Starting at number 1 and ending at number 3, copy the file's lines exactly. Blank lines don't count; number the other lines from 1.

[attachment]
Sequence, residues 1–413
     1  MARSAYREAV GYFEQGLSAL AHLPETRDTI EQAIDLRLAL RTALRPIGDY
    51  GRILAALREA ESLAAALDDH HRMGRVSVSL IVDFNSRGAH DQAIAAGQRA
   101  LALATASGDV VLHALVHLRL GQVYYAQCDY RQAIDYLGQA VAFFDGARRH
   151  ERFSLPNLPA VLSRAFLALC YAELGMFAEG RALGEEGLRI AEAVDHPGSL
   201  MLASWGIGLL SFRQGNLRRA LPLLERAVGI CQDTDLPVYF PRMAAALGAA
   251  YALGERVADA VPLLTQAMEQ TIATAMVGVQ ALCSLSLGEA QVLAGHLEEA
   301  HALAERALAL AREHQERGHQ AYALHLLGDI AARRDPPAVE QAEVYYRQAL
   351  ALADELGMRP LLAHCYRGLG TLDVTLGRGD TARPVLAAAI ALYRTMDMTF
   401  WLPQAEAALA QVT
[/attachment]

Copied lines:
Sequence, residues 1–413
     1  MARSAYREAV GYFEQGLSAL AHLPETRDTI EQAIDLRLAL RTALRPIGDY
    51  GRILAALREA ESLAAALDDH HRMGRVSVSL IVDFNSRGAH DQAIAAGQRA